FSB 1 PG

Sunday, April 19, 2015 Khoa 0 Comments

My second favorite position to play, the Point Guard! I think the way I play PG is a rarity in FSB these days… I ACTUALLY PASS! I am not a scoring PG… I just facilitate the offense, play defense, and shoot only when I am open. With my style, I usually end up getting more assists than points. My style of playing PG makes me a scorer’s best friend, especially SF. Many people might think a passing PG is easy and boring to play, but they don’t see how complicated it can be. By the way, I prefer to play with a SF when I’m PG… I don’t like to play with SG or scoring PF… this is just my personal preference, you can play with whoever you want.



I suggest reading the guide before watching the video

SKILLS

***The first 5 skills are required. They're the ones you should equip if you don’t have extra slots***

***I have 10 slots each for skills/freestyles on my PG but I don't use them all***

Through pass: this skill is already important but even more crucial on a PG.
Face up: since you will be guarding a lot of perimeter shooters, this is definitely needed to stop their jukes or to get past screens.
Diving catch: one of your main jobs as a PG is to get those loose balls. You need to master this skill and be able to do it with your eyes closed.
Direct pass: an advantage of being a PG is your direct passes still have the through pass effect on them. This allows you to control where the ball will go; therefore making the offense more fluid.
Face up 2: this skill has become an essential for me, very useful in defense.
Screen: it's always useful to set picks for your teammates.
Alley hoop guide pass: useful when you want to quickly get the ball to the free man under the basket.
Double fake breakthrough: this is the one juke that makes PG better than SG when A dribbling.
3-point-alley-oop pass: I just have this for fun haha, never actually used it in a real game situation.

***I don’t recommend any 3pt freestyle shots as nothing works as well as the original one***

Pop up: I rarely use this freestyle because I always dive to get loose balls.
Middle jumper: useful when you want to do mid-3pt shots.
Back Roll Turn Dribble 2: the almighty unstoppable BRTD2 juke
Rolling catch: much better than the regular diving catch motion.
Sliding foot catch: also better than the regular diving catch motion.
Flash pass: just makes your passes better looking.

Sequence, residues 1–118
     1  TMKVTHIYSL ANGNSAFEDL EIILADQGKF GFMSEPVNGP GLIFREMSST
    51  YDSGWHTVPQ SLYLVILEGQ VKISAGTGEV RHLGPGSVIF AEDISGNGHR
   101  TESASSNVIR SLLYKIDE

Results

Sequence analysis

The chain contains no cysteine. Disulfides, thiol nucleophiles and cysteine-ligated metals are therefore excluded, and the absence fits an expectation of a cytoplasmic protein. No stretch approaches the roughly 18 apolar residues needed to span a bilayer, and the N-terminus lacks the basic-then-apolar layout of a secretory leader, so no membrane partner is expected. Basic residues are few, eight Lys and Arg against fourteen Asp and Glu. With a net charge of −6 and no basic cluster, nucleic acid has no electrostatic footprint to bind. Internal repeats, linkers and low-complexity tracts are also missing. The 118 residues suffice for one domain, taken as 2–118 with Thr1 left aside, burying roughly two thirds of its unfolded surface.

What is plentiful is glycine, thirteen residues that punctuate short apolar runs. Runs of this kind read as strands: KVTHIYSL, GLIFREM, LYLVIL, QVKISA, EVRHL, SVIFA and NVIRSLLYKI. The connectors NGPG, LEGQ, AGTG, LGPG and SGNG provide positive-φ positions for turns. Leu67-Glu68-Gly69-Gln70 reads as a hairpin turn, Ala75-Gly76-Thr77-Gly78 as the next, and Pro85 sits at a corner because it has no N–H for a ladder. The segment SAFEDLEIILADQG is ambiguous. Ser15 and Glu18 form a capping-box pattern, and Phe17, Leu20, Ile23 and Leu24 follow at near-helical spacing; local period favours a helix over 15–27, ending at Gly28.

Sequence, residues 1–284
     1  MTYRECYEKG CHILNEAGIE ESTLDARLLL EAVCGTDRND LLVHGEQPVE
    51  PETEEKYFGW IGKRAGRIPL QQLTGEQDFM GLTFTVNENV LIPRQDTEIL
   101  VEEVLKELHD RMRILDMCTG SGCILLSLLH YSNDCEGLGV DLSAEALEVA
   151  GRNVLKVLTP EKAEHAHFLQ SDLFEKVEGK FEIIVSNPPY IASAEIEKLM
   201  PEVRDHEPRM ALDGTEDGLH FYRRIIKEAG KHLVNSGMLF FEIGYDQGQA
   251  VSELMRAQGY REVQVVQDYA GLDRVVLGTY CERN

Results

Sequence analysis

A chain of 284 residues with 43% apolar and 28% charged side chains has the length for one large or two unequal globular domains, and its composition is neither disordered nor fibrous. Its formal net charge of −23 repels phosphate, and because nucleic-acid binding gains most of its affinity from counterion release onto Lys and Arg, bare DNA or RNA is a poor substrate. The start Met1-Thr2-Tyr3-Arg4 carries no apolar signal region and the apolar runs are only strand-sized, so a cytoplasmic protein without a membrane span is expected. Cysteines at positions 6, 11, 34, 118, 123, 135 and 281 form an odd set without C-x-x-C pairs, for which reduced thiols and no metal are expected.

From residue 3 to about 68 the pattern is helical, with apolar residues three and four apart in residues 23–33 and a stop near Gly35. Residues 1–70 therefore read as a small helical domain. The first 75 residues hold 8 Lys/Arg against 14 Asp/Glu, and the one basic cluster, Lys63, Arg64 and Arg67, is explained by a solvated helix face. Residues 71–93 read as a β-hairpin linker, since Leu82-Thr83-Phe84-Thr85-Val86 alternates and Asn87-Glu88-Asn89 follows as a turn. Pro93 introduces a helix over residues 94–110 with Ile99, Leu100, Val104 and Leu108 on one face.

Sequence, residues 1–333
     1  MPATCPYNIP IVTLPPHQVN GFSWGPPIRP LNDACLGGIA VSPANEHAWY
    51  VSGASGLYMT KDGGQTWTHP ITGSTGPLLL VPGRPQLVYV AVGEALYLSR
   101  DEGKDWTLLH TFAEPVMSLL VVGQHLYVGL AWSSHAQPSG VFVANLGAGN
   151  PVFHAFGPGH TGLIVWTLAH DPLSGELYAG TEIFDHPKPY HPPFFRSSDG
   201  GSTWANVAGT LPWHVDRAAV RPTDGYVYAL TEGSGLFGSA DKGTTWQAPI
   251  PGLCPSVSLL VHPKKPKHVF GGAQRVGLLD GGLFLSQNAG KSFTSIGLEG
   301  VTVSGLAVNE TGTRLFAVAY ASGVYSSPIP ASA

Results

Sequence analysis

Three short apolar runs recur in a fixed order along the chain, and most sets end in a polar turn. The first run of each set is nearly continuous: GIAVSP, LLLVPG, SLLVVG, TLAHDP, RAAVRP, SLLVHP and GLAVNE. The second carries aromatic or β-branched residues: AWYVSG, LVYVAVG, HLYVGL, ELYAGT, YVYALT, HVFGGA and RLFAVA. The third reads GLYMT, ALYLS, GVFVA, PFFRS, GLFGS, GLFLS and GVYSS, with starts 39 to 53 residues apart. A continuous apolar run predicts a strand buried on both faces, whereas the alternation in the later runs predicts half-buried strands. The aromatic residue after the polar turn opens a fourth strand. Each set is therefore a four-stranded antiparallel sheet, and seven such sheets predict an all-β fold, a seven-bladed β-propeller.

Shoulder fake: I think this is the 2nd best juke behind BRTD2 for PG.
Fast hands: useful freestyle when trying to steal the ball.

PASSING

Distributing the ball is more than just spamming Q & E or the occasional S… it’s about timing, technique, and court vision. This is why I like to play with a SF, you get to put all of this to use during the game. Playing with a SG is less engaging because you just pass them the ball; watch them do their thing (mostly spam action dribble) and shoot. Playing with a scoring PF is even worse… pass them the ball, watch them back down all the way to the paint, dunk… Yes, I know there are SG’s and PF’s out there that will pass you back the ball but those are not common… Playing with a SF gives me a sense of teamwork that a SG and PF doesn’t. So for the majority of this guide, I will focus more on how to play with a SF. Now remember this phrase, repeat it to yourself: ”A PG MAKES THE SF!” Yes, a small forward is infinitely better if he/she has a good point guard handling the ball.

Timing: I hate it when I play SF and my PG just passes me the ball right at the start of each possession… please give me some time to go inside… I’m not a SG, I don’t operate in the 3pt area. How do you give time for your SF to run inside? Well for starters, don’t run right in front of him/her at the start of each possession… go back or behind the other people to create more distance between yourself and the other team. It’s very annoying when I am playing SF and I’m trying to run inside; I somehow bump into my PG running across to get in front of me… what’s the point of that? See the pictures below to see examples of where you need to be at the start of each possession. DO NOT GO WHERE THE X’S ARE:


Another thing, do not pass the ball to the SF when he/she is being surrounded by 2-3 people. If you give him/her the ball at this time, I guarantee it’ll be a turnover because the SF will try to move with it and get smacked with 2-3 face ups… so just have patience and wait until the SF is moving freely, then pass the ball. Actually, you can probably just pass to your rebounder because he/she will most likely be free under the basket for an easy basket lol… but this is more of the vision part of playing PG which will be discussed later. I also suggest you learn your SF’s tendencies and playing style. You’ll need to know this because it’ll help you anticipate his/her running pattern and timing so you can pass the ball at the correct moment in order to maximize kukgi. If the SF gives you back the ball after you passed it to him/her, this doesn’t mean it’s a signal for you to start spamming A and shoot 3pters… it probably means the SF rode the pass incorrectly, the ball was received at the wrong time, he/she pumped fake, a bad pass by you, or he/she is getting doubled team. When you receive a pass back from the SF, quickly survey the situation in order to see what to do next. Most likely the SF will want the ball back. It all depends on who you are playing with. Some people will want the ball right back after they return your passes and some people will want a little delay for them to get into position for the next pass. ADAPT TO YOUR SF. Not everyone plays the same so be patient and work with whoever you are playing with.